Troops: What does terror chief's death mean to war
COMBAT OUTPOST ANDAR, Afghanistan (AP) — In encounters with troops in Afghanistan this past week, the question Defense Secretary Robert Gates heard more than any other was this: What does Osama bin Laden's death mean for the war?
Soldiers on the front lines of a conflict that began when many were pre-teens seemed to be wondering: Must we keep fighting and dying in this country if the terrorist who was the reason we came here is dead?
Gates said emphatically, yes, because Afghanistan could yet again revert to a haven for terrorists bent on perpetrating another 9/11 attack.
But it's a question that hangs over an intensifying debate in Washington about charting the next steps in a war, now in its 10th year, that is growing more costly and less popular among the American public and in Congress.
The bin Laden factor arguably has put Gates and other advocates of sticking to the current war strategy on the defensive. Although he is retiring June 30, Gates clearly is not shying away from a Washington policy debate that will come to a head this month with President Barack Obama's decision on how many troops to withdraw in July and, perhaps, how quickly to pull out the rest of the 30,000 "surge'" forces the commander in chief sent here last year.
There are now 100,000 U.S. troops in Afghanistan — three times the total when Obama took office in January 2009.
A budget-cutting mood in Congress, coupled with the imminence of the first troop withdrawals, has left Gates pitching a stay-the-course argument: It will take some months more to see how bin Laden's death in Pakistan might affect the Taliban in Afghanistan. In the meantime it would be premature to let up on U.S.-led combat offensives that have begun to put the Taliban on their heels. Keeping up the military pressure may, by winter, yield a true breakthrough: a Taliban leadership willing to enter serious peace talks.
Others in the Obama administration, however, are pushing behind the scenes for an accelerated wrap-up of the troop-intensive counterinsurgency campaign. Many in Congress are making a similar case.
It's clear where Gates stands. At a U.S. base called Sharana on a bleak and barren stretch of land in remote Paktika province, not far from the Pakistan border, a soldier on Monday asked what bin Laden's demise meant for U.S. strategy.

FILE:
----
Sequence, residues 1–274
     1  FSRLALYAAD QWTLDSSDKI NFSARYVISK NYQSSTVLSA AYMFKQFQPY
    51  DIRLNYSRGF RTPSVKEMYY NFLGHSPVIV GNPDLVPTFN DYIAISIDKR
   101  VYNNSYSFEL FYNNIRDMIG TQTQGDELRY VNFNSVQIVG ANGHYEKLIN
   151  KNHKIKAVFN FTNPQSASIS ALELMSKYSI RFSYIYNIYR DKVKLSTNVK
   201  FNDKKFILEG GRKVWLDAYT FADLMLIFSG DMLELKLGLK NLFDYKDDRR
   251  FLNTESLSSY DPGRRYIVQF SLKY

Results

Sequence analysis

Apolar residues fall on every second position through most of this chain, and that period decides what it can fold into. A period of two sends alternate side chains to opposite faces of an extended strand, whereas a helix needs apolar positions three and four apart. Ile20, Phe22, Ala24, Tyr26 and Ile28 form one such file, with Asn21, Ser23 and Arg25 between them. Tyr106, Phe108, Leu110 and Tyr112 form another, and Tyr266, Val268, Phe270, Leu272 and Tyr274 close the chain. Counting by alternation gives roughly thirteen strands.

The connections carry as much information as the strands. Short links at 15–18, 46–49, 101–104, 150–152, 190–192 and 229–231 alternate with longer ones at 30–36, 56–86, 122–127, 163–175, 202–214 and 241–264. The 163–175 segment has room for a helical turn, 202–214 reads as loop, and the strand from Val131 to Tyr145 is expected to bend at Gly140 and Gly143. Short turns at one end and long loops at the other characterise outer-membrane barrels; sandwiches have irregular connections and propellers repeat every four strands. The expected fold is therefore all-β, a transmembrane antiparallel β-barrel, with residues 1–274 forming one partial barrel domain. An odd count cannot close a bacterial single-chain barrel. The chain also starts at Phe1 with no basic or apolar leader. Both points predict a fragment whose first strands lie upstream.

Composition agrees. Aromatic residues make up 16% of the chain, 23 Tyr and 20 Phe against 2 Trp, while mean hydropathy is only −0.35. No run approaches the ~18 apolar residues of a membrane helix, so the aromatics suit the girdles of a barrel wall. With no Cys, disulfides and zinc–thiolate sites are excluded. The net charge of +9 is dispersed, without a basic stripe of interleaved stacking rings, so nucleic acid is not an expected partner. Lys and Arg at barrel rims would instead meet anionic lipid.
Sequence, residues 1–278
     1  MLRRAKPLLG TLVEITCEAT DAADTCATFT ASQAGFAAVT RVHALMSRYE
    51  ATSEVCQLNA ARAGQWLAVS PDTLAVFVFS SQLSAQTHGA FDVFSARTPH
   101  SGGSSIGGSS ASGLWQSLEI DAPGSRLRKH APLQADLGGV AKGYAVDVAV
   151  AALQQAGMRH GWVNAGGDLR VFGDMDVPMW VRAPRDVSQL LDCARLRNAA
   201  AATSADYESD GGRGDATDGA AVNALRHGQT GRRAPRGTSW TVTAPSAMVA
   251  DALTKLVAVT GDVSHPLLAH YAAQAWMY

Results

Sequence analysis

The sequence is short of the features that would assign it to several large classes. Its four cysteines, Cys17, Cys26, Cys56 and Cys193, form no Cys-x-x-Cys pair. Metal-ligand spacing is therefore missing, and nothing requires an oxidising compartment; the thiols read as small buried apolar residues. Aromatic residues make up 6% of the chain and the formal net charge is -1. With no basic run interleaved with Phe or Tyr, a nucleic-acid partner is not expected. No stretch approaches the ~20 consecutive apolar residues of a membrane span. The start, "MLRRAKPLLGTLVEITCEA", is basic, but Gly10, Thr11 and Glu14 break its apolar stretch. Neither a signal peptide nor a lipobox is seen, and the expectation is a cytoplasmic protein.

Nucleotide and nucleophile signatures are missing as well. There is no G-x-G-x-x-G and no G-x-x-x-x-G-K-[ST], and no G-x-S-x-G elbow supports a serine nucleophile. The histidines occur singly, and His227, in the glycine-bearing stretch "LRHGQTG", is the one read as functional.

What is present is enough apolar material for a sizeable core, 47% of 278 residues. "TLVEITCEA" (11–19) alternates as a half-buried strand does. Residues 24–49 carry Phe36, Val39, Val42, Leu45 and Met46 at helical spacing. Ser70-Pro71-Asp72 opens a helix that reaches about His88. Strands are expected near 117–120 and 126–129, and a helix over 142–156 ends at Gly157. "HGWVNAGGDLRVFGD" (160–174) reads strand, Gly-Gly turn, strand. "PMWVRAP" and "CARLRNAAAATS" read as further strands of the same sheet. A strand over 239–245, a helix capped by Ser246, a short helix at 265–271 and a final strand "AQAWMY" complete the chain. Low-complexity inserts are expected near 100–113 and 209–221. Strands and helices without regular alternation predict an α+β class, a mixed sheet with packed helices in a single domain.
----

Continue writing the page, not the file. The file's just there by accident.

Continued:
"It's too early to tell what the impact of bin Laden's death is on the situation here in Afghanistan," Gates replied. "I think we'll have a better idea by the end of the year." In the meantime, he said later, "We shouldn't let up on the gas too much — at least for the next few months."
Given that bin Laden and the top Afghan Taliban leader, Mullah Omar, were "very close, personally," Gates said, more Taliban members may be wondering what's to be gained by keeping up their alliance with al-Qaida.
"So, my hope is that if we can keep the military pressure up through the remainder of this year, keep what we've captured from these guys in the south, and keep this up, and they see that they are not going to win, that then increases the opportunity for" a peace settlement, he said.
"But I don't expect it to make much difference here in Afghanistan, in the short term," he said.
Peace talks are in their infancy, at best, without clear negotiating partners with whom the Afghans, with U.S. backing, would start to cut a deal.
Army Lt. Gen. David Rodriguez, the No. 2 U.S. commander in Afghanistan, told reporters Monday he agrees with Gates' assessment. "We have not seen any effects on the ground yet," from bin Laden's demise, he said.
There are relatively few al-Qaida fighters in Afghanistan; they are located mainly in Pakistan, although they support the Taliban and other insurgents who are fighting U.S. and Afghan government forces. That is one point stressed by those in the administration who believe the U.S. should scale back its military presence and focus more — if not exclusively — on hunting down al-Qaida leaders rather than investing heavily in helping Kabul improve governance of the war-weary country.
Gates sees the bin Laden question from an unique perspective. He was deputy national security adviser to President George H.W. Bush in 1989 when Soviet forces withdrew from Afghanistan, ending an almost decade-long war. The Americans covertly armed the anti-Soviet Afghan forces during the 1980s, then walked away to leave Afghanistan on its own, figuring the country no longer held strategic importance for the U.S. or the West.
Looking back, Gates said Saturday at a Kabul news conference, "That tragic miscalculation was exposed by the attacks of September 11, 2001."
Gates argues that a rush to the exits now could again backfire on the United States, although bin Laden's al-Qaida has been weakened considerably in the years since hijacked airplanes struck the World Trade Center and the Pentagon.
The bin Laden question arose again when Gates stopped on Monday at Combat Outpost Andar, in the eastern province of Gazni, where a soldier asked: "How does the death of Osama bin Laden affect us out here?"
Gates responded by noting that a commander in southern Helmand province, when asked a similar question a day earlier, had told reporters that bin Laden's death "has been noted," by ordinary Afghans. "But it hasn't made much difference."
Robert Burns can be reached at http://twitter.com/robertburnsAP